Plumbing: Pipes and Pipe Fittings


The type and size of pipe you can use in your home is regulated by plumbing codes. Before undertaking any plumbing job, check your local codes to determine whether you need a permit and to find out what restrictions exist on pipe types and sizes. Generally, water-supply pipes may be approved plastic, copper, galvanized steel or brass. Drain waste vent (DWV) pipes may be approved cast iron, copper, plastic or steel.

Fittings join sections of pipe. A large variety of fittings exist for connecting pipes of different types or diameters, for making curves with rigid pipe or for joining sections of pipe in straight runs or branches. If you can't find a single fitting to make a particular connection, try a combination of two or more.

Fittings are often available in two styles -- standard and flush wall. Standard fittings are used for water-supply pipes. Flush-wall fittings are needed for drainage pipes -- they have smooth inside joints that offer no obstruction to the flow of waste.

Rigid pipes are always referred to by their inside diameter (i.d.). However, the nominal size of a pipe sometimes bears little relation to its actual size. A pipe that's labeled 1/4 in. may actually be slightly larger or smaller than that. If you are buying pipe to connect to an existing line, measure the pipe's actual inside and outside diameters and , if possible, take a fitting or a piece of pipe with you to the plumbing supply store.

Always pick up valves or caps for the pipes you're working with so you can seal the system if you can't complete the project

 

Copper Pipe Fittings (shown on right)

No-stop coupling. Used to join copper pipe when there's no space to drop pipe into hub. Most useful for repairing damaged copper pipe.

Street elbow. Differs from standard elbow by having one hub-less joint to allow tighter turns.

45-degree elbow. Allows a gradual turn in rigid pipe systems, with 22.5° curves.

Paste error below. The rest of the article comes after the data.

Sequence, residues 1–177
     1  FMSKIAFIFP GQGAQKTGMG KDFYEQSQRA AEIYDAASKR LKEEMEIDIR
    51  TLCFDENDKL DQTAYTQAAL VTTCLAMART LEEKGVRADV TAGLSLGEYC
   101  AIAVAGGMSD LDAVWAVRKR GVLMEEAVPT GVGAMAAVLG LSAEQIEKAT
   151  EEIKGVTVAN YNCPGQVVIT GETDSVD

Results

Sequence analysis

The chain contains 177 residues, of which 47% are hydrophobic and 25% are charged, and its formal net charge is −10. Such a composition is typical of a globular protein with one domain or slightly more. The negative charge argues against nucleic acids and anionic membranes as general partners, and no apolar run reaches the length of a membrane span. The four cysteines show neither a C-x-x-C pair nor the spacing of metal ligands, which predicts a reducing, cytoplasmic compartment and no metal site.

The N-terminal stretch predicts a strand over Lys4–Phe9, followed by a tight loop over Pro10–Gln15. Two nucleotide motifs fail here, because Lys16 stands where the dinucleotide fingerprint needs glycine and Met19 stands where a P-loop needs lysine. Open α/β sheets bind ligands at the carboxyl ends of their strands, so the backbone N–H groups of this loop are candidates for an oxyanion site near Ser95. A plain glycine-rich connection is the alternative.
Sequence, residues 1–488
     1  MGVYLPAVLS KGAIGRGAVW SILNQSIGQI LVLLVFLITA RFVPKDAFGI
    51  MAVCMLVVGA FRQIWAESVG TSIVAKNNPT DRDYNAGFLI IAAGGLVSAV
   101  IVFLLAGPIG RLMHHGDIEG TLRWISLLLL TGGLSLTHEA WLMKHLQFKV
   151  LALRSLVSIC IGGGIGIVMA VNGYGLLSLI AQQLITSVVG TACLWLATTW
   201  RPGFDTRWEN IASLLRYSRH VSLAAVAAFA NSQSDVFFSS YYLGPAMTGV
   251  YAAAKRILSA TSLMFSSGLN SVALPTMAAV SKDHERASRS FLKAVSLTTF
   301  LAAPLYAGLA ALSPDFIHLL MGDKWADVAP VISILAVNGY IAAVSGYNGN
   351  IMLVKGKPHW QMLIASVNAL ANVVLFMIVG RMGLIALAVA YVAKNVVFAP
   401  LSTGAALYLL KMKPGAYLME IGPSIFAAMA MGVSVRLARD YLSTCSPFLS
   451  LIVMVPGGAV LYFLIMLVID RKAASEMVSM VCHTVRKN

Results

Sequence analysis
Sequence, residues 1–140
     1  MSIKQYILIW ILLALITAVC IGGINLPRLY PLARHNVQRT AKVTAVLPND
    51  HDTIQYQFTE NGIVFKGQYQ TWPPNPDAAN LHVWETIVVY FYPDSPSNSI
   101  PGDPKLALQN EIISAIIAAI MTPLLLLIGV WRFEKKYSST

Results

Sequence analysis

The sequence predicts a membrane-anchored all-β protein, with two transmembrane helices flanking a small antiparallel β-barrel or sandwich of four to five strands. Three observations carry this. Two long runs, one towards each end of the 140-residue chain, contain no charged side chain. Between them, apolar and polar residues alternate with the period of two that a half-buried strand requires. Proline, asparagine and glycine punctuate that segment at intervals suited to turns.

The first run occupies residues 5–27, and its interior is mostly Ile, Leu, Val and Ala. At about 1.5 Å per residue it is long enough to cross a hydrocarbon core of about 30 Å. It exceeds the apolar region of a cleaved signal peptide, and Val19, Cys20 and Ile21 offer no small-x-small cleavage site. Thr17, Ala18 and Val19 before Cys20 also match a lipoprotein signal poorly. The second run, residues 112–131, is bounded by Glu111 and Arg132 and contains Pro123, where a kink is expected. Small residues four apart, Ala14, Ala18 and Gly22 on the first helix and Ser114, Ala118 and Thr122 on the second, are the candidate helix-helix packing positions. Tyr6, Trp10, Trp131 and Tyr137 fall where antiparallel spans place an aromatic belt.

Male adapter. Transitions from soldered or cemented joints to threaded joints. Female adapters also available.

Cast drop-ear elbow. Ears allow firm support of pipe, and its female threads accept shower arm or other threaded fittings.

Cast-copper tee. Designed to provide easy installation of washer supply shutoff valves. Has female threads to accept valve.




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PVC Pipe Fittings

Vent elbow. A tight- turning 90° elbow to be used only with venting system. In drains, it would interfere with using augers (snakes).

Sanitary tee. Used for 90° connection in drain line, usually to join vent, fixture drain and main drain.

Wye. Connects horizontal branch line to horizontal drain line at 45° angle.

Steel Pipe Fittings

Reducer coupling. Joins pipe of different sizes. Available for threaded, soldered, cemented and compression-type joints.

Pipe cap. Used to seal stub-outs or out-of service pipes. Plugs with male threads also available.

Dielectric and Other Unions

When joining pipes made of different materials, particularly copper and galvanized steel, use dielectric couplings to prevent deterioration. Other types of unions include (continue ...)...

 

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CPVC transition union compensates for thermal expansion between CPVC and copper or steel piping.

 

Flare-end connector fittings help make the transition from threaded-steel pipe to flexible, corrugated gas line.

Transition couplings with neoprene rubber sleeves and metal jackets make the transition from ABS pipe to PVC, from plastic to steel, and with other dissimilar materials. Always check label for approved uses.

Last modified: Friday, 2016-03-18 7:47 PST